NumberFlow, custom nodes

All NumberFlow diagrams have access to a default collection of nodes. But you can also add your own node types. This is useful if you keep using the same set of nodes together, or to add functionality that would otherwise not be possible.

Creating Functions

The first step is to create some functions that can be used as nodes. As functions are identified by their fully qualified type name, it is best to place them in a distinctive namespace. Your classes must extend Function and override the methods Configure and either Compute or ComputeCoordinate.

Below are two example functions. One computes the highest of two floats, and the other computes U plus V.

using CatlikeCoding.NumberFlow;
using UnityEngine;

namespace My.NumberFlow.Functions {
	
	public class HighestFloat : Function {
		
		protected override void Configure () {
			name = "Highest";
			menuName = "Custom/Highest Float";
			returnType = ValueType.Float;
			propertyNames = new string[] { "A", "B" };
			propertyTypes = new ValueType[] { ValueType.Float, ValueType.Float };
		}
		
		public override void Compute (Value output, Value[] arguments) {
			float
				a = arguments[0].Float,
				b = arguments[1].Float;
			output.Float = a >= b ? a : b;
		}
	}
	
	public class UPlusV : Function {
		
		protected override void Configure () {
			name = "U + V";
			menuName = "Custom/U + V";
			returnType = ValueType.Float;
			type = FunctionType.Coordinate;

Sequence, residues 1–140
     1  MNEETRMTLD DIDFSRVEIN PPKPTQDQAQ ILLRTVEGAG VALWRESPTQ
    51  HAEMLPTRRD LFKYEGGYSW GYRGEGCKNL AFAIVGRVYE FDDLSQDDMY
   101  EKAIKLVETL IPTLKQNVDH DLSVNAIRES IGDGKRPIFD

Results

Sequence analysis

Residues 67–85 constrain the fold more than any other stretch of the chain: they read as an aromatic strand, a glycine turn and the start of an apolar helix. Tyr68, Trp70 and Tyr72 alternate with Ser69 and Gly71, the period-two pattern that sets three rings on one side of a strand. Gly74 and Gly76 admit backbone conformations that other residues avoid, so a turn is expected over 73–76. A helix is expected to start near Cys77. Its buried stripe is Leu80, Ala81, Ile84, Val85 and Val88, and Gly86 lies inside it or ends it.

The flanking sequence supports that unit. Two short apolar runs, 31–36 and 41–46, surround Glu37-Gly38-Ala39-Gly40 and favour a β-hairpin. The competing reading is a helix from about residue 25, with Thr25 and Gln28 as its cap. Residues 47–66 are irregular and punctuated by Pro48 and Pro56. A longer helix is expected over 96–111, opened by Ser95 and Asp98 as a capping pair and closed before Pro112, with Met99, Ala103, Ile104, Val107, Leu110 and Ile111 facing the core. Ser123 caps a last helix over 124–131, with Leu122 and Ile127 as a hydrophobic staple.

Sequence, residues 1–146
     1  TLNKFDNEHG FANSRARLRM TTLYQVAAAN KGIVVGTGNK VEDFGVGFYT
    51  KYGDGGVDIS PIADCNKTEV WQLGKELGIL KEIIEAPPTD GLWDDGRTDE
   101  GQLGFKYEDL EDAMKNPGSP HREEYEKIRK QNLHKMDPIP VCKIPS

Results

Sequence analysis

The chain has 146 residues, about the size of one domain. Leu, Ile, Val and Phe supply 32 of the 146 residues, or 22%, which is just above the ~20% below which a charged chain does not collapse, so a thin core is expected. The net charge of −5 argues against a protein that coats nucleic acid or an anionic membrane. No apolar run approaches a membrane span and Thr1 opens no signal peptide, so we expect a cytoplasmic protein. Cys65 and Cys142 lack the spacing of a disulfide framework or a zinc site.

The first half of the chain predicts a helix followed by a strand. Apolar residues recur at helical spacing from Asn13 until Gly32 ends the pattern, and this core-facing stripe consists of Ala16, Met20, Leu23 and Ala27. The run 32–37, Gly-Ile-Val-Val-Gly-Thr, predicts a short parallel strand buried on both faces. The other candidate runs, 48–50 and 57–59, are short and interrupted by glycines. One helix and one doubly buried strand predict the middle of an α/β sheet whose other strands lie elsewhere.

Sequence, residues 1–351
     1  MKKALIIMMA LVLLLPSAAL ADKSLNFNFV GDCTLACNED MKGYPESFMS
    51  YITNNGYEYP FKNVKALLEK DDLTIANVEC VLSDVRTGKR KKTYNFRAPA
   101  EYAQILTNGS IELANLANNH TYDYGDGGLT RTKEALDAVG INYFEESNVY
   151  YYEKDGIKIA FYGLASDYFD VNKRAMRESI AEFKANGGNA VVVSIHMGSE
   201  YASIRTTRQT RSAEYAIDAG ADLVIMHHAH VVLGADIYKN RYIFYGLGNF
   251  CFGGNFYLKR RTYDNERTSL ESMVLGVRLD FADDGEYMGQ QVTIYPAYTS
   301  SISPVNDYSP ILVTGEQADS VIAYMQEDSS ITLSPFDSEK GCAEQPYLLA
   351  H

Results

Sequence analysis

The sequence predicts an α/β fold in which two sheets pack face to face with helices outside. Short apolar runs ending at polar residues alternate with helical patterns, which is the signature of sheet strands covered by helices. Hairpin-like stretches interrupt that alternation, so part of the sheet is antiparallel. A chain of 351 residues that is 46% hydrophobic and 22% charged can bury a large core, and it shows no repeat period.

}
		
		public override void ComputeCoordinate (Value output, Diagram diagram) {
			output.Float = diagram.uv.x + diagram.uv.y;
		}
	}
}
Here are some things to keep in mind.

Creating a Library

To make your custom functions available as nodes in a NumberFlow diagram, they need to be included in a library. While it's possible to edit the default library and add them there, this is not advised, because updating NumberFlow will reset this library. Instead, you can create your own library asset. You do this by extending FunctionLibrary and registering your functions by overriding the RegisterFunctions method.

using CatlikeCoding.NumberFlow;
using UnityEngine;

namespace My.NumberFlow.Functions {

	public class CustomLibrary : FunctionLibrary {
		
		protected override void RegisterFunctions () {
			Register(new HighestFloat());
			Register(new UPlusV());
		}
	}
}
To be able to create an asset instance of it, you can add an item to the asset menu via a script placed in an Editor folder.

using UnityEditor;
using UnityEngine;

namespace My.NumberFlow.Functions {
	
	public static class MenuItems {
		
		[MenuItem("Assets/Create/My Custom NumberFlow Library")]
		public static void CreateLibrary () {
			CustomLibrary newLibrary = ScriptableObject.CreateInstance<CustomLibrary>();
			AssetDatabase.CreateAsset(newLibrary, "Assets/My Custom NumberFlow Library.asset");
			EditorUtility.FocusProjectWindow();
			Selection.activeObject = newLibrary;
		}
	}
}

Using a Library

You can now use your menu item to create your custom library asset. You only need one. Once you have it, you can drag it to the Function Libraries array in the inspector of a NumberFlow diagram. You will then be able to use your custom nodes in that diagram.
Using custom nodes.
If the diagram at some point loses the reference to your library asset, it will no longer understand your custom nodes. They will only keep working until the diagram is reloaded, for example when adding a node to it. However, it will remember what the nodes are supposed to be. So if you fix the problem it will restore the nodes after another reload-triggering action.